The advent of low-cost storage and processing power coupled with ever increasing amounts of "born digital" data has created the new field of data science. The ability to achieve a specific goal or answer a business question by crunching through very large and complex databases is becoming a competitive advantage for businesses and leads to new discoveries in science and medicine. This course is an overview of the different processes that make up a data science project. While other fields concentrate on finding previously unknown knowledge or searching for a specific pattern, data science focuses on answering deep questions and making the conclusions accessible to the rest of the organization. This course requires the implementation of software and experimental design in order to complete the assignments.

CSCI 6505 Machine Learning

Machine Learning is the area of Artificial Intelligence concerned with the problem of building computer programs that automatically improve with experience. The intent of this course is to present a broad introduction to the principles and paradigms underlying machine learning, including discussions of each of the major approaches currently being investigated. Main topics covered in the course include a review of information theory, unsupervised learning or clustering (the K-means family, co-clustering, mixture models and the EM algorithm), supervised learning or classification (support vector machines, decision trees, rule learning, Bayesian learners, maximum entropy, ensemble methods), feature selection and feature transformations. The focus of applications that will be discussed will be text classification and clustering.


Your choice of two elective courses from the following:

BUSI/INFO 6513 Business Analytics and Data Visualization

This course provides an introduction to Business Analytics and Data Visualization. It covers the processes, methodologies and practices used to transform the large amounts of business and public data into useful information to support business decision-making. Students will learn how to extract and manipulate data from these systems. They will also acquire basic knowledge of data mining and statistical analysis, with a focus on data visualization. The students will also learn to build and use management dashboards and balanced scorecards using a variety of data design and visualization tools. The course will be made up of a combination of conceptual and applied topics with classes being held in a computer lab. Technologies to be used will be focused on end-user analytics and data visualization and will include state of the art tools for self-serve business analytics.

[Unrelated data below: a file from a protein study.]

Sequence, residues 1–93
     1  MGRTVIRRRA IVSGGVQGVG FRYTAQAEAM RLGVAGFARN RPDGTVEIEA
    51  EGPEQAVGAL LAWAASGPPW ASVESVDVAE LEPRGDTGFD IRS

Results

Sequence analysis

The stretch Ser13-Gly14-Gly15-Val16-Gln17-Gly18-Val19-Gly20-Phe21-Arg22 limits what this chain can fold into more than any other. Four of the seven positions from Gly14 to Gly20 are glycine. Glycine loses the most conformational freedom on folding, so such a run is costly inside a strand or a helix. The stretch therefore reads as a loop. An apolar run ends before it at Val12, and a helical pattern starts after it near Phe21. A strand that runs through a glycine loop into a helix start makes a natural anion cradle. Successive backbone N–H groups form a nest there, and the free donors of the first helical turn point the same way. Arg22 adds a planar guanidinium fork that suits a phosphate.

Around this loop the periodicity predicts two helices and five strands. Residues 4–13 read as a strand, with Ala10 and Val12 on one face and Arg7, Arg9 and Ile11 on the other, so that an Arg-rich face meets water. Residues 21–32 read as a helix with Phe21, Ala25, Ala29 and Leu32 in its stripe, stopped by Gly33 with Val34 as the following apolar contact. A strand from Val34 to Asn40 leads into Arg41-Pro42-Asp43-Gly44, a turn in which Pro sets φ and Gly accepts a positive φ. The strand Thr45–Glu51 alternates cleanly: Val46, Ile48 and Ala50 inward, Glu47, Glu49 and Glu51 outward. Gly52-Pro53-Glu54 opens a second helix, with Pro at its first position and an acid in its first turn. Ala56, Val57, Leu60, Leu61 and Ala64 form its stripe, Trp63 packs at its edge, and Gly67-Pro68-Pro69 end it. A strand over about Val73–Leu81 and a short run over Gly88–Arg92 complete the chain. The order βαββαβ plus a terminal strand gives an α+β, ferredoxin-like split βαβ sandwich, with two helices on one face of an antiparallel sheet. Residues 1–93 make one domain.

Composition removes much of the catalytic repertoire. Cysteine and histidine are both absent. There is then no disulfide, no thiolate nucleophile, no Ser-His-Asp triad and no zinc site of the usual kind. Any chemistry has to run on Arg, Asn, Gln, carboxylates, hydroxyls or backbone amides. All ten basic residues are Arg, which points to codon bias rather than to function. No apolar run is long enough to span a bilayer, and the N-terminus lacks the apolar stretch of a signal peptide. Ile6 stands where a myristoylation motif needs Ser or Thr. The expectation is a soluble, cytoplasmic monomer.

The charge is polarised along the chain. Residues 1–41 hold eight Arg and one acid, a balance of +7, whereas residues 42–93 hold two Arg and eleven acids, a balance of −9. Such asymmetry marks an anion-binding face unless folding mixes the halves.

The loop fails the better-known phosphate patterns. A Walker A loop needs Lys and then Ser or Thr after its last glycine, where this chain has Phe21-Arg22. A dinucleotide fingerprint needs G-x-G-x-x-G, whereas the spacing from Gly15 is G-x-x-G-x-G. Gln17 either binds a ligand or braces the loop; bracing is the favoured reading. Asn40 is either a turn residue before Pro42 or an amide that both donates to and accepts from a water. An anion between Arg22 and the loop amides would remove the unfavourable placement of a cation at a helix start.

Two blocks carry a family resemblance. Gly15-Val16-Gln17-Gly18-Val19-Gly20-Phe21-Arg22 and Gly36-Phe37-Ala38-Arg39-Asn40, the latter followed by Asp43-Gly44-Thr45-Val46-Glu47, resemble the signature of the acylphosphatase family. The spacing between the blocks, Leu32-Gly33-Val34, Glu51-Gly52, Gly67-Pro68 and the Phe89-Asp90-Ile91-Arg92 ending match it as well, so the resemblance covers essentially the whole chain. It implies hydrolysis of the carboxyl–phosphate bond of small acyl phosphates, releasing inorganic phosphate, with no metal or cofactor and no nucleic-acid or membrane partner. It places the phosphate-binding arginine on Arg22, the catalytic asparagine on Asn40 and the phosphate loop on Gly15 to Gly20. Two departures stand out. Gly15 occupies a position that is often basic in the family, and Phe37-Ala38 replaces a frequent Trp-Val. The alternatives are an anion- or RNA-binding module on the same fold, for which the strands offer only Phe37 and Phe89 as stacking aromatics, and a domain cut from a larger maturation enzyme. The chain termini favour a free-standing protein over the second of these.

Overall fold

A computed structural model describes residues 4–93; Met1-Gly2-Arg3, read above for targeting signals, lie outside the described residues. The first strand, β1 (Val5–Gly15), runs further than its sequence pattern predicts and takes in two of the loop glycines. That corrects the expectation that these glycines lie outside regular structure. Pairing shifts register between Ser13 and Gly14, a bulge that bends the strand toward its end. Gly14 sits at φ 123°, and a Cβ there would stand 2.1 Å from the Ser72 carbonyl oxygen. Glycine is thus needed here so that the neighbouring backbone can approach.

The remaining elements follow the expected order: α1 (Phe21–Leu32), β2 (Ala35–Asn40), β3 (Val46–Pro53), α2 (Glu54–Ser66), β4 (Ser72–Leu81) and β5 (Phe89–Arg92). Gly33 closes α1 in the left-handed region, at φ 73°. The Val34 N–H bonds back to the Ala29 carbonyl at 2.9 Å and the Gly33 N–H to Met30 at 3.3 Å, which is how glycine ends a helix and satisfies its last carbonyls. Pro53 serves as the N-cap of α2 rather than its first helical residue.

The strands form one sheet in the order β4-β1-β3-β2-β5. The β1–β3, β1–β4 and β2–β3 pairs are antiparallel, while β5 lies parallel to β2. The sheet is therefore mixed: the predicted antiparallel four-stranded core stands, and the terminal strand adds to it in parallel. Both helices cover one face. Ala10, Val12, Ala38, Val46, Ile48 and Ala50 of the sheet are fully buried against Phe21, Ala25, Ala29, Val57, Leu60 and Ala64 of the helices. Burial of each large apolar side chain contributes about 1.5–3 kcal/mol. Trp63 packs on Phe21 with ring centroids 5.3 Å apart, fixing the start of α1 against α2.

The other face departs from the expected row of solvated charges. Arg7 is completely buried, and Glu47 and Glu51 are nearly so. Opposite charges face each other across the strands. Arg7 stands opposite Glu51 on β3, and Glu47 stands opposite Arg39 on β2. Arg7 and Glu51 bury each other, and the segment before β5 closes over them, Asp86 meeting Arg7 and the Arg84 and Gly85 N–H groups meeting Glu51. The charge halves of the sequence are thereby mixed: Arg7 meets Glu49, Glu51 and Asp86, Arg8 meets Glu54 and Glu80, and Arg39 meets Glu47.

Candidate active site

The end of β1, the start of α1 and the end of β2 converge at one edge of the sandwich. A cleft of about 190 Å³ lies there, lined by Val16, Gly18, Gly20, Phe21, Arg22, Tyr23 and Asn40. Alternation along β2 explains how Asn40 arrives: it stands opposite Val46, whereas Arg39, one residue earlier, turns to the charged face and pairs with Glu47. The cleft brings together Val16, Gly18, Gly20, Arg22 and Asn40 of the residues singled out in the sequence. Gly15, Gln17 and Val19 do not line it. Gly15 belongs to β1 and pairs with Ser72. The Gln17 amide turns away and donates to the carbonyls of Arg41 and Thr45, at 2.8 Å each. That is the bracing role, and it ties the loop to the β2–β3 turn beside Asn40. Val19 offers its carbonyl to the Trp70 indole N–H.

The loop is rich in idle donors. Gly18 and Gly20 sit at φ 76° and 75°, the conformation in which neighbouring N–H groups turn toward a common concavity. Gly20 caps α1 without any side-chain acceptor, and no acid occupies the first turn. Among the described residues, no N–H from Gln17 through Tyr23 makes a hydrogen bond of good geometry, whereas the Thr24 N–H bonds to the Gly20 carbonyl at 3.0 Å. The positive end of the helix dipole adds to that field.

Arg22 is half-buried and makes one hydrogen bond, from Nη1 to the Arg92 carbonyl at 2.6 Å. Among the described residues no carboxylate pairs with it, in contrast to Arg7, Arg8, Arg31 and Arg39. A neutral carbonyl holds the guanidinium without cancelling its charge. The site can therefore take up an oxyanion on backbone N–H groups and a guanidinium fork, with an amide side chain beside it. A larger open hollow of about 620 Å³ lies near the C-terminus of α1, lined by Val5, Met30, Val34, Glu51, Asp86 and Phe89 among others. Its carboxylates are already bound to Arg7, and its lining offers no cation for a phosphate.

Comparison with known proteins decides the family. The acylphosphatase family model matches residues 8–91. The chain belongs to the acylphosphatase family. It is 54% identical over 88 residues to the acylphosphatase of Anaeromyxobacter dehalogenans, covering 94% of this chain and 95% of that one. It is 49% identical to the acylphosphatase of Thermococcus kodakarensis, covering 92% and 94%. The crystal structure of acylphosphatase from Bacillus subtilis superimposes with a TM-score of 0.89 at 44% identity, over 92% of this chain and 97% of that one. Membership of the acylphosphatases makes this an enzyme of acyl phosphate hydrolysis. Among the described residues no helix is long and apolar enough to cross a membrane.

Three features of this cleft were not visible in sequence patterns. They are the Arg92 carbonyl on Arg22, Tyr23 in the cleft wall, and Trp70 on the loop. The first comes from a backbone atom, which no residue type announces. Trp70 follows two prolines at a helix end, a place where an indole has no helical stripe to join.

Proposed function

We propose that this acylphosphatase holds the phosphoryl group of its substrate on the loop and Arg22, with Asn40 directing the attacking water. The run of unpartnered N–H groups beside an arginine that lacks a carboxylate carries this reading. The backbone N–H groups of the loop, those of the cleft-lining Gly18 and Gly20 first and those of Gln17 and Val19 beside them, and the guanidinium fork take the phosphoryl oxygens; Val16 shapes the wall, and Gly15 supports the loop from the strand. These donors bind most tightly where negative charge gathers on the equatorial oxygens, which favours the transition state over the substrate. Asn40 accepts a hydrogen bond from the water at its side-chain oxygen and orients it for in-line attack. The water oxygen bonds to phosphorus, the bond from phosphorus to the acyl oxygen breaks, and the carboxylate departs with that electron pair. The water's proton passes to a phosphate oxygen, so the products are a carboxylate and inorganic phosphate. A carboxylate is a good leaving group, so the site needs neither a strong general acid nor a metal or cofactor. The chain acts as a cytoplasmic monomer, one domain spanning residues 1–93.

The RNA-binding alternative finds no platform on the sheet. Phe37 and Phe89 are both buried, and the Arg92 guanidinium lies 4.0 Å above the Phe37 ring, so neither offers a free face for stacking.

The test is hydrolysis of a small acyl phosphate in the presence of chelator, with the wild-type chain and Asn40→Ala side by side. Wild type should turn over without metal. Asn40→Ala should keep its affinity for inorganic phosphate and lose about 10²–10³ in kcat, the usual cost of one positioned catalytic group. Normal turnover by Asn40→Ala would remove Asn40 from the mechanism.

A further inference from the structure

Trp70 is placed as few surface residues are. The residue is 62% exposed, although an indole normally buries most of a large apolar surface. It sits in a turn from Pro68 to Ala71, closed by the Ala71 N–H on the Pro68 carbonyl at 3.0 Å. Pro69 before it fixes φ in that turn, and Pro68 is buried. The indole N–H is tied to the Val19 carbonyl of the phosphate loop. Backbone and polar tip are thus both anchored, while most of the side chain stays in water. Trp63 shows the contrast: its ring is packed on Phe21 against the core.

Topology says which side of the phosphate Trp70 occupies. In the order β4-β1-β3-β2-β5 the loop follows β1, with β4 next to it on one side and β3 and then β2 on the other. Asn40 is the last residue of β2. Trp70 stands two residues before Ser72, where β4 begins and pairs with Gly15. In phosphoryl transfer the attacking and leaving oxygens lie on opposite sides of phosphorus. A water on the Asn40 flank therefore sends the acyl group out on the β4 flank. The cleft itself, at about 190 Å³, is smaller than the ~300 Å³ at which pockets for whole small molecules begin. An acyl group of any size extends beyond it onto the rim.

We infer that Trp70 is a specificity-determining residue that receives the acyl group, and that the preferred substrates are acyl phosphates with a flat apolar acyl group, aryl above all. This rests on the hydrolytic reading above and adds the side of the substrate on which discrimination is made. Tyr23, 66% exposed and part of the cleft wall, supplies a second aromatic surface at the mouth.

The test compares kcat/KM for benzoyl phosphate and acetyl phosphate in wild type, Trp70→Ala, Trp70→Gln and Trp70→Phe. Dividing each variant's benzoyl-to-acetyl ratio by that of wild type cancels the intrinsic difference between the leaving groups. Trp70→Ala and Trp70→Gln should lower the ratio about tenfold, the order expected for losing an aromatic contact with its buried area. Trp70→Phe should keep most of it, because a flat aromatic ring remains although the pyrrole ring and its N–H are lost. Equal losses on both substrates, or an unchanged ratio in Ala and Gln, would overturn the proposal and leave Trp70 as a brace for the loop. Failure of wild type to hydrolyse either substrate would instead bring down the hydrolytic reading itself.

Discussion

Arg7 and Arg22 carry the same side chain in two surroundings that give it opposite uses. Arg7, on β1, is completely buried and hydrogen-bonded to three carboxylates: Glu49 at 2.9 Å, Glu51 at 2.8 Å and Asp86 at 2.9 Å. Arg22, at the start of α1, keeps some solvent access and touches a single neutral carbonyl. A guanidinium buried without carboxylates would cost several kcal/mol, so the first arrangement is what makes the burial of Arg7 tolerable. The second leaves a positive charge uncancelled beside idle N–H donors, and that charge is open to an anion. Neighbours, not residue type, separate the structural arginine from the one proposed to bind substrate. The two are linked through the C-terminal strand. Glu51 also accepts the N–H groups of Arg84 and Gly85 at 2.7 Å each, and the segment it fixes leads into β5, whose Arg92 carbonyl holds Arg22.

INFO 6681 Geospatial Information Management

Spatial Information is the air and water that makes mapping and spatial analysis possible. Mobile applications using maps are some of the most popular and often used web-based applications; they are also cloud based which added another layer of management issues. Maps, GIS and the use of spatial information have never been more popular or public. This course addresses the effective management of spatial information. The course covers principles and practices associated with metadata, GIS, licensing, spatial information databases, map libraries and archives, spatial data infrastructures and web-based delivery of products and services, as well as distributed systems such as geolibraries, ‘digital earth’ and the development of the 'spatial cloud'. This course is geared towards the manager who seeks to deploy services associated with spatial information and effectively develop an enterprise approach to managing spatial information. The course will also provide hands-on experience in using GIS and related technologies so as to be able to better understand how to deploy services, especially over the web.

STAT 5130 Bayesian Data Analysis

Stat 5130 is intended to make advanced Bayesian methods genuinely accessible to graduate students. The course covers all the fundamental concepts of Bayesian methods, and works from the simplest ideas (characterizations of probability; comparative inference; prior, posterior and predictive distributions) up through hierarchical modes applied to various data. Computational methods include MCMC for posterior simulation.

STAT 5350 Applied Multivariate Analysis

This course deals with the stochastic behaviour of several variables in systems where their interdependence is the object of analysis. Greater emphasis is placed on a practical application than on mathematical refinement. Topics include classification, cluster analysis, categorized data, analysis of interdependence, structural simplification by transformation or modelling and hypothesis construction and testing.

STAT 5390 Time Series Analysis